Since Russia attacked Ukraine last Thursday, there has been a deluge of information regarding what and where people in Estonia can donate to help Ukraine and Ukrainian refugees. On Wednesday's "Reporteritund" program, Vikerraadio's Kaja Kärner spoke with representatives of major groups organizing aid regarding the current state of affairs.
"It changed radically," Ukrainian Cultural Center director Bogdan Ljutjuk said when asked how the center's daily operations were affected by Russia's attacks on February 24. "We have volunteers now and are working from morning 'til night. I have missed calls already as soon as I wake up, and I start with those, and then on it goes through late at night. It's great when I'm able to sleep. Last night I managed to sleep; the night before, I didn't."
Among the calls are people as well as companies and organizations calling to offer moral support, but also to offer a variety of aid, from transport and accommodations to money. Estonian mobility company Bolt, for example, called to pledge €250,000 in donations, and Eesti Kontsert contacted the center to offer donations as well.
According to Ljutjuk, people across Estonia and Europe more broadly have actively been working to locate and procure supplies needed in Ukraine. "I've seen that if we don't buy something from Bulgaria, then someone else does, and then it's on its way to Ukraine," he said. "All of Central Europe has actually been bought out of certain supplies already, and everything has been taken to Ukraine already."
Monetary donations made to the Ukrainian Cultural Center are being used primarily to purchase protective equipment and first aid supplies, the need for which is most acute at the moment. The Estonian Food Industry Association (ETL) is also cooperating with the center to collect food, but border checkpoints are currently overwhelmed with deliveries of weapons and other emergency supplies, but they hope to be able to deliver the food aid as well once the bulk of more critical supplies have gotten through.
According to Ljutjuk, with the exception of truly large scales of donations such as medical supplies, the best way for individuals to help right now is still cash donations, as this enables the center to work on procuring very specific supplies that are currently needed in Ukraine, and cuts down on the need to work on sorting smaller bags and boxes of donations at the center. He said that the Tallinn International Rotary Club bought an ambulance in Finland, which the Ukrainian Cultural Center then packed with €33,000 worth of medicine in Tallinn on Tuesday before driving it down to Ukraine. A second ambulance was to follow on Wednesday.
The ambulances in question would be crossing the border into Ukraine for delivery, not just to the border — as are other smaller vans packed with supplies being driven there, which are intended to be left in Ukraine for use. This is the fastest way to get aid where it needs to go in Ukraine, Ljutjuk explained. It's the bigger trucks that will only drive as far as the border, which, while they are able to transport more aid at once, ultimately gums up the aid delivery process as the trucks then need to be emptied at the border and arrangements made for the goods to be transported into Ukraine.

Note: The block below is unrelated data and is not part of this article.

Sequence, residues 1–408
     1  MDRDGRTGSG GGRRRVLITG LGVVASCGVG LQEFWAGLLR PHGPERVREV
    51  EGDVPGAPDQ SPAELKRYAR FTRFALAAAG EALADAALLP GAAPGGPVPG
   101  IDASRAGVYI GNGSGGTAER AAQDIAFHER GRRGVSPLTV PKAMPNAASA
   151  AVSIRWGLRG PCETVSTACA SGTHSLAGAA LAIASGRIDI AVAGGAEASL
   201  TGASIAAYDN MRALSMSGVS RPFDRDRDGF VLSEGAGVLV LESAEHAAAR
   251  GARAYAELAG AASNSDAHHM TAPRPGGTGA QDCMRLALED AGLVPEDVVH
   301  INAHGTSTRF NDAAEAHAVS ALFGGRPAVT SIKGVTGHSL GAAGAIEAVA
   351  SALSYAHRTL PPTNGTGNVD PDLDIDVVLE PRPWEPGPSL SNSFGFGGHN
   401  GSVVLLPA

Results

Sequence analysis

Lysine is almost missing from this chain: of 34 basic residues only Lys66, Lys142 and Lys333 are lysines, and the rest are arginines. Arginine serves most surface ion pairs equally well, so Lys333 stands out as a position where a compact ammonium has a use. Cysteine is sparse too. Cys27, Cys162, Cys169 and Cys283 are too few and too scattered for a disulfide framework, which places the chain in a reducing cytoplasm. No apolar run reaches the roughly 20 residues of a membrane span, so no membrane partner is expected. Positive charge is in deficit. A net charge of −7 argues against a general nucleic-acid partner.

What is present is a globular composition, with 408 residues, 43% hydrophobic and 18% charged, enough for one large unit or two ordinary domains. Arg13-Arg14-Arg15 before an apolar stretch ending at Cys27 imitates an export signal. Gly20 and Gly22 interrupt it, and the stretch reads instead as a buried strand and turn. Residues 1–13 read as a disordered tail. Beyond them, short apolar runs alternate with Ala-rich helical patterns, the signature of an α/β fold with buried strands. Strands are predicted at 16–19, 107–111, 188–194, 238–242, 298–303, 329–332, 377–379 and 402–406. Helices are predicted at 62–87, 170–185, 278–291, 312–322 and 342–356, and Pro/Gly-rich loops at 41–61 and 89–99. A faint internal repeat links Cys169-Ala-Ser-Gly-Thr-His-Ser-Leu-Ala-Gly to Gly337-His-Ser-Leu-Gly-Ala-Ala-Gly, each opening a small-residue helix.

The cultural center director also noted that ethnic Estonians, Russians and Ukrainians alike in Estonia have called the center to offer accommodations for incoming Ukrainian refugees.
Refugee center rep: Ukrainians of unclear legal status
Anu Viltrop, head of support services at the Estonian Refugee Council, said that beyond just the sheer difference in numbers, one key difference between the council's experience with handling so-called quota refugees that arrived in Estonia under the EU migrant relocation and resettlement plan in 2015 and the now incoming influx of Ukrainian refugees is the fact that when the quota refugees arrived, they were already under international protection status.
On the practical level alone, this meant that the refugees in 2015 had immediate access to services available in Estonia to people under international protection, including support person services and Estonian language courses. They could also immediately access all services available to Estonian residents, including the ability to register as unemployed with the Estonian Unemployment Insurance Fund, to get their kids into school and kindergarten and see a family doctor. Of course, she acknowledged, the refugees arriving then were also faced with unique barriers posed by locals' prejudices as well as linguistic and cultural barriers.
"Currently, the situation is such that there is a lot that we don't know," Viltrop said. The Estonian state has essentially said that Ukrainians are welcome here, regardless of passport or whether or not they have any sort of visa, and nobody is going to kick them out of the country, but as the incoming refugees are of unclear administrative and legal status, this means that they can't access all the services that previous refugees could. The Estonian Refugee Council is awaiting decisions from lawmakers.
"I understand that some kind of status, some kind of temporary status? Is being discussed at the EU level, but I'm not currently up to speed on what exactly that will entail," she explained. "Right now we're getting a lot of people who have a lot of questions that we don't immediately have solutions for."